Staph infections are caused by bacteria called staphylococcus. They most often affect the skin. They can go away on their own, but sometimes they need to be treated with antibiotics.
Symptoms of a staph skin infection can include:
Hot, red and swollen skin
Sores, crusts or blisters
Sore, red eyelids or eyes
Staph bacteria can also cause more serious infections, like blood poisoning and toxic shock syndrome. These are much less common than skin infections.
The bacteria that cause staph infections live harmlessly on many people's skin, often in the nose and armpits and on the buttocks.
They usually only cause an infection if they get into the skin – for example, through a bite or cut.
Staph bacteria can spread to others through:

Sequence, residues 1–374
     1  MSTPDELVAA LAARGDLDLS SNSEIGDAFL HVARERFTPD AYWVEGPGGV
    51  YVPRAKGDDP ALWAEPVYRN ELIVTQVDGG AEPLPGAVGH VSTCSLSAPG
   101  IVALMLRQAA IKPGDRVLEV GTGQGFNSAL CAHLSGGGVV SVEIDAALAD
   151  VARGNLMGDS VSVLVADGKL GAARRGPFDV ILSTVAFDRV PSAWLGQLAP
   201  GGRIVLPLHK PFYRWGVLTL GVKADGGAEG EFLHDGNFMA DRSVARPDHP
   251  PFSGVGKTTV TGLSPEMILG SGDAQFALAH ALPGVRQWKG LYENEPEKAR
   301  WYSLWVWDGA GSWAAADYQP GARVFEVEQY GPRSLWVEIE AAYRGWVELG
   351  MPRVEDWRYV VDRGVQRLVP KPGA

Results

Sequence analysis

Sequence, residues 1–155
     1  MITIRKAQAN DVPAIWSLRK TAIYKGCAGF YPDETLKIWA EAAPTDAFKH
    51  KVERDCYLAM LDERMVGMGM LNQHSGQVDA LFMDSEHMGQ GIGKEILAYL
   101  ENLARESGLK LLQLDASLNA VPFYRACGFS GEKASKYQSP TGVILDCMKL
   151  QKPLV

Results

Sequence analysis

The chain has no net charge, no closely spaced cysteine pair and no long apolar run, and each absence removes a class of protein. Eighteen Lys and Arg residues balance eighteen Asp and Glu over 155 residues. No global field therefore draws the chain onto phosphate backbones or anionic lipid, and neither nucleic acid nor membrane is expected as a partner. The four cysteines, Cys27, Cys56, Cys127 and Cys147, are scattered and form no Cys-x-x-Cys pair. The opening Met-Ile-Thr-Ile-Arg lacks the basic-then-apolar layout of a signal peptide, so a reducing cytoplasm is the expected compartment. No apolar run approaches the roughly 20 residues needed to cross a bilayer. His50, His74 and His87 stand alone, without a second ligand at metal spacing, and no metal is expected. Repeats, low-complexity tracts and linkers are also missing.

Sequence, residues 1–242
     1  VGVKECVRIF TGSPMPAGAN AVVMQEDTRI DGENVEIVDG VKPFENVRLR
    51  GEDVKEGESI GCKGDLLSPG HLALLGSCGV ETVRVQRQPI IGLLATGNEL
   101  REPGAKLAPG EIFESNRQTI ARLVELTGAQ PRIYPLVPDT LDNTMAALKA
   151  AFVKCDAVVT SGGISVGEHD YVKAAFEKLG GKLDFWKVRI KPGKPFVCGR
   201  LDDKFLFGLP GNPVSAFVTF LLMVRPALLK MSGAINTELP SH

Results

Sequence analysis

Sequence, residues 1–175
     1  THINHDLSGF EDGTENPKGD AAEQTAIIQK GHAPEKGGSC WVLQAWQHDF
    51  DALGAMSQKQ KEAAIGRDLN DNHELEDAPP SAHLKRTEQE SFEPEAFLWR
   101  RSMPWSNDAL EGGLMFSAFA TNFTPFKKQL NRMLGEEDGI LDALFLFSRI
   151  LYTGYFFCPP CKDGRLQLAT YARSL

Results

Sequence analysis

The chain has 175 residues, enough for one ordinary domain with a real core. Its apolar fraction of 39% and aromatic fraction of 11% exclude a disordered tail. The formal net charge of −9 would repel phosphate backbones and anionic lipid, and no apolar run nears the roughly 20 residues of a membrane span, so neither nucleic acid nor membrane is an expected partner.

- close skin contact
- sharing things like towels or toothbrushes
- droplets in coughs and sneezes (less common)
You cannot always prevent staph infections
It can be difficult to prevent staph infections because many people have the bacteria on their skin.
But there are things you can do to reduce your chances of getting an infection or spreading the bacteria to others.
wash your hands with soap and water regularly
keep your skin clean by having a bath or shower every day
keep any cuts clean and covered
use disposable tissues to blow your nose
do not share towels, washcloths, bed linen, toothbrushes and razors